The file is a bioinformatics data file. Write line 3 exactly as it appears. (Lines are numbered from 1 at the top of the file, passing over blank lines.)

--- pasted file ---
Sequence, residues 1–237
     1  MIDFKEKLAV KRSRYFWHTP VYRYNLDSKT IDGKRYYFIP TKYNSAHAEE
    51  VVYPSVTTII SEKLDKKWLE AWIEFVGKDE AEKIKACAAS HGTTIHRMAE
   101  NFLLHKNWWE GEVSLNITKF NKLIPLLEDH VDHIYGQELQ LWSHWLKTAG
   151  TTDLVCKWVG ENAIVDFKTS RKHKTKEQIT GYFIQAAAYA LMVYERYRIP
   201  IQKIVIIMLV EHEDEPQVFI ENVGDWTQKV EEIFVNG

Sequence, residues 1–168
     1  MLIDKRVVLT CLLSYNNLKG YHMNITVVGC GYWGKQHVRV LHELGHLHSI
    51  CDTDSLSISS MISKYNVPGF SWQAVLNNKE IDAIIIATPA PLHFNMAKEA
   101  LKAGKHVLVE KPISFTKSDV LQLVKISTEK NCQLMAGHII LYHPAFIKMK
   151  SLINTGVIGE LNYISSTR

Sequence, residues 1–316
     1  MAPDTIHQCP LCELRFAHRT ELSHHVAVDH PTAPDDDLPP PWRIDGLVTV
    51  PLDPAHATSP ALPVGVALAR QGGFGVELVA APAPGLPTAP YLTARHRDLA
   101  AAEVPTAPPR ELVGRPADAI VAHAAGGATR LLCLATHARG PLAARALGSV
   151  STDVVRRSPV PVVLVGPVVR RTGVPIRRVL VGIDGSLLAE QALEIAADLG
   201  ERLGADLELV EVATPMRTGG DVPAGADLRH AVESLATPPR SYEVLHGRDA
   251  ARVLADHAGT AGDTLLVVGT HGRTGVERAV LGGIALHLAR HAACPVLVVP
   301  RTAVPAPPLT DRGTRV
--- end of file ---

    51  VVYPSVTTII SEKLDKKWLE AWIEFVGKDE AEKIKACAAS HGTTIHRMAE